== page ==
Calasiao is a Municipality in Pangasinan where these puto or small rice cakes originated. Puto Calasiao is a mini-size, soft rice cake made from semi-glutinous rice and fermented in clay pots before cooking. The famous makers are mainly at Barangay Dinalaoan. This colorful puto is made of long grain rice soaked in water, ground and fermented for 2-3 days, with some sugar to taste, and steamed to cook. They have various flavors; traditional white puto, pandan (green), ube (violet), banana (yellow), strawberry (light red/pink) and cheese (gold). These putos are traditionally best served with Dinuguan soup. Wikipedia
Puto Calasiao Recipe
1 cup long grain rice
1 cup water, or enough to fully submerge rice
1 ½ tablespoon cooked rice
1 ½ teaspoon sugar
½ cup sugar for every cup of fermented mixture
pinch salt (optional)
Combine rice and water and allow rice to soak for 2 days. Drain, save some of the water and blend rice with cooked rice and 1 ½ tsp of sugar in a blender. Add water as needed until fine and the consistency of thick pancake batter. (Make sure the water is not smelly or just change it).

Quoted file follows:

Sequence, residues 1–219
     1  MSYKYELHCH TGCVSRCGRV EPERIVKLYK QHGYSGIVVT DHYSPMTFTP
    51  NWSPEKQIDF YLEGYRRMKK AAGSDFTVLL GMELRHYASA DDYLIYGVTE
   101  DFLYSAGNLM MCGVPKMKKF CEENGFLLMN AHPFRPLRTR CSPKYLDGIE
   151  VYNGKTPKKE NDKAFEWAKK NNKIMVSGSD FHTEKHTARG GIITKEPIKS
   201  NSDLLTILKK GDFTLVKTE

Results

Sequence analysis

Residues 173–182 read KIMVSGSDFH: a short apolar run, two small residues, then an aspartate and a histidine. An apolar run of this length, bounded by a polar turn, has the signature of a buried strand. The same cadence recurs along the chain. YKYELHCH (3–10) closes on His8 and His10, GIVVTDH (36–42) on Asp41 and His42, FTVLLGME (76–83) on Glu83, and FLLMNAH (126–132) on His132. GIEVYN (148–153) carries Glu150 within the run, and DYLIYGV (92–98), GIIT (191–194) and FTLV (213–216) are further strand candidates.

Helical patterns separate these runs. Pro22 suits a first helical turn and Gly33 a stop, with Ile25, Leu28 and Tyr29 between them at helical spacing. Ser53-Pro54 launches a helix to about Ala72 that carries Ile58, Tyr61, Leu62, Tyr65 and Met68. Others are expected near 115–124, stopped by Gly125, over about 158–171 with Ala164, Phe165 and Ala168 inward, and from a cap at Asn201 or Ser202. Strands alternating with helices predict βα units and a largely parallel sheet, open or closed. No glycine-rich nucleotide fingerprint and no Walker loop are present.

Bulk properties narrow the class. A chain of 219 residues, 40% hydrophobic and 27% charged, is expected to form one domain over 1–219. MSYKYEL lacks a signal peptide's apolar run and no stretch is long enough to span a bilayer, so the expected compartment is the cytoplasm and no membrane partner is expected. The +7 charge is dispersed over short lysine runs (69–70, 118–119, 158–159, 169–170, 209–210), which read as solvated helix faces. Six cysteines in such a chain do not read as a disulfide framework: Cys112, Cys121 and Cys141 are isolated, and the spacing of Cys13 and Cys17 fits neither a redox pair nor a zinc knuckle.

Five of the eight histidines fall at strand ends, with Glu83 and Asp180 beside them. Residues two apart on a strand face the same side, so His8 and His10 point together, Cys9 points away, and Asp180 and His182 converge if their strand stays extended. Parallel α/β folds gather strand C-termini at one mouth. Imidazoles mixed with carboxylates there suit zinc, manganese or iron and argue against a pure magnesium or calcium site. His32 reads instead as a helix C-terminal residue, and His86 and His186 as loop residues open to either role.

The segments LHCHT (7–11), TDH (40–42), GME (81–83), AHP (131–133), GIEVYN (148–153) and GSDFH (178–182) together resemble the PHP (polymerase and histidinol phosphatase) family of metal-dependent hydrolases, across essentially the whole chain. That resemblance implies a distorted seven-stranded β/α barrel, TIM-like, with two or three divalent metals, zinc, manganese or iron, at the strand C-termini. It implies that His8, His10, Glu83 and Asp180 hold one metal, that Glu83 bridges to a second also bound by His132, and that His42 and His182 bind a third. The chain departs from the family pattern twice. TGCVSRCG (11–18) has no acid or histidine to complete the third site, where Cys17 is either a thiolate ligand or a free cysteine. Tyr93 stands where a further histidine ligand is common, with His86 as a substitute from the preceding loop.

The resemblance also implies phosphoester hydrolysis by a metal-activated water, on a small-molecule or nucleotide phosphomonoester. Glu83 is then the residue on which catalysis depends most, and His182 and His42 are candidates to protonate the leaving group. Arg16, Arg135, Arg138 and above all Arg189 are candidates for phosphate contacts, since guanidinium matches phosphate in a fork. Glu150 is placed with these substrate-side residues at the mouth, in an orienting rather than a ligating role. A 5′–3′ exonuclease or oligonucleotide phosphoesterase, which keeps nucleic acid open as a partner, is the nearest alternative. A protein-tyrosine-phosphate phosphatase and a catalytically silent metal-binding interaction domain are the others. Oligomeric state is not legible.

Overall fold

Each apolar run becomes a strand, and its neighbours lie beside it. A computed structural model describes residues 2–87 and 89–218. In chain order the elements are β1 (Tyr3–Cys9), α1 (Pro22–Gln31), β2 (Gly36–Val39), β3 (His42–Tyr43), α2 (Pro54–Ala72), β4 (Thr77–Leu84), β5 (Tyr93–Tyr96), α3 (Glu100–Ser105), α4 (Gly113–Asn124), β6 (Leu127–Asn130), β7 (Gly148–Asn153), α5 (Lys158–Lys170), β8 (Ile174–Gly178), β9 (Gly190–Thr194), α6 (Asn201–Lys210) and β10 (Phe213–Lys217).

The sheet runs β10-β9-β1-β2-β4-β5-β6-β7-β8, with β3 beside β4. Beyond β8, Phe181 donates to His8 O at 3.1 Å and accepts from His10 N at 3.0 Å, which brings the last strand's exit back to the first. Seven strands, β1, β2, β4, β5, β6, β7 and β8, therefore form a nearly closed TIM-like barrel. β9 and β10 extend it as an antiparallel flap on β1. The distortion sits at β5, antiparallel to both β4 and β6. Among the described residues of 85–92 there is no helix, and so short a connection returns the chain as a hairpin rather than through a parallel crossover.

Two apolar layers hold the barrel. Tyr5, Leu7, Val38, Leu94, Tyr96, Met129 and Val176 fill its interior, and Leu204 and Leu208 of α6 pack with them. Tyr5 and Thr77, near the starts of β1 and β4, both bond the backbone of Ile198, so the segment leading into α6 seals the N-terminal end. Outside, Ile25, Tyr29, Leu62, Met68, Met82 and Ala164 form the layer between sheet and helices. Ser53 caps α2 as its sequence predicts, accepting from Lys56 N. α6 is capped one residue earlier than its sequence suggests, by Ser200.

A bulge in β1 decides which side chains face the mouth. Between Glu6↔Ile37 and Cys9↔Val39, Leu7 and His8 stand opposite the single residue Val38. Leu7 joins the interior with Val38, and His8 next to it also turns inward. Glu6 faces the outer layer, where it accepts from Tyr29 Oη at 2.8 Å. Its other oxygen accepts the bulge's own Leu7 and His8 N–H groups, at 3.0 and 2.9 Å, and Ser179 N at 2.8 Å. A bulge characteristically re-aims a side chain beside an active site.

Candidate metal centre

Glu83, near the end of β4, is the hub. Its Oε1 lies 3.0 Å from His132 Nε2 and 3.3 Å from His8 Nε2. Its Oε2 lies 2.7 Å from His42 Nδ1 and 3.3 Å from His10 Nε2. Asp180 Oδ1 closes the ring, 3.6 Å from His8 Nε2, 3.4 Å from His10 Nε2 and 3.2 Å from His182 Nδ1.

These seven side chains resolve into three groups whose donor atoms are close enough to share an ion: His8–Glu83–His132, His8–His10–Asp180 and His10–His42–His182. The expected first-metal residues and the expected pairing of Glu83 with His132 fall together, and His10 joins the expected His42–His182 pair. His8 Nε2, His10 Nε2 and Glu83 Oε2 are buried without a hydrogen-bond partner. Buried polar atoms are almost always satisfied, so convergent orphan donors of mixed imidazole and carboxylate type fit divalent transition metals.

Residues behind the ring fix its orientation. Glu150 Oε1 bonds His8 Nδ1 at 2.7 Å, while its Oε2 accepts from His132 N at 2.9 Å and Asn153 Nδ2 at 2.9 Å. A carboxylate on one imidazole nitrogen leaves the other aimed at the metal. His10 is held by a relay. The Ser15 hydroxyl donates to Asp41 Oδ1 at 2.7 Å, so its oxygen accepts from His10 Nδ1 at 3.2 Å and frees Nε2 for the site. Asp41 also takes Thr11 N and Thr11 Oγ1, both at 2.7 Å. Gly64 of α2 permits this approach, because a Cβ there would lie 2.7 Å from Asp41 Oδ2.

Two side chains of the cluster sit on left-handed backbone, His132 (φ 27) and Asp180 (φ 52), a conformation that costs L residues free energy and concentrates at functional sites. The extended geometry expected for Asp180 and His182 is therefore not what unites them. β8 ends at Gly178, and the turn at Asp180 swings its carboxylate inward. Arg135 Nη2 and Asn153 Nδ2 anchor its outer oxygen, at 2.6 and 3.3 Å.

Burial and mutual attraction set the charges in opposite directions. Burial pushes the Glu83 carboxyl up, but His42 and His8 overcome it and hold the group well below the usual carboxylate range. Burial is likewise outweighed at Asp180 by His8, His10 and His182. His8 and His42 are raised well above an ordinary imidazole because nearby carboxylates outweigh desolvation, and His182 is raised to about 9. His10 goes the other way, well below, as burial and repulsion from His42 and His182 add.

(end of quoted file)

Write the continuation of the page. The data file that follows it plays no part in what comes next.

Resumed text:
Transfer blended mixture in a jar or untreated clay pot. Cover loosely to allow some air to circulate. Set aside in a warm place and allow to ferment for 3 days.
When fermentation is finished, the mixture must be the consistency of an ube halaya or mashed potatoes.
Take 1 cup of the fermented mixture and combine with 1/2 cup sugar and a pinch of salt. Fold gently to combine.
Pour into greased mini puto molds and steam on high for 10-15 minutes. Let it cool, before unmolding and serve.
Do not ferment in a metallic container.
Make sure that there is as little condensation as possible while steaming, otherwise the puto will have difficulty rising.
Use unchlorinated water.
Do not use distilled water. Distilled water has very little oxygen which retards fermentation.
Steaming on high will result in a cracked top. If a smooth, rounded top is desired, steam on medium to medium high heat.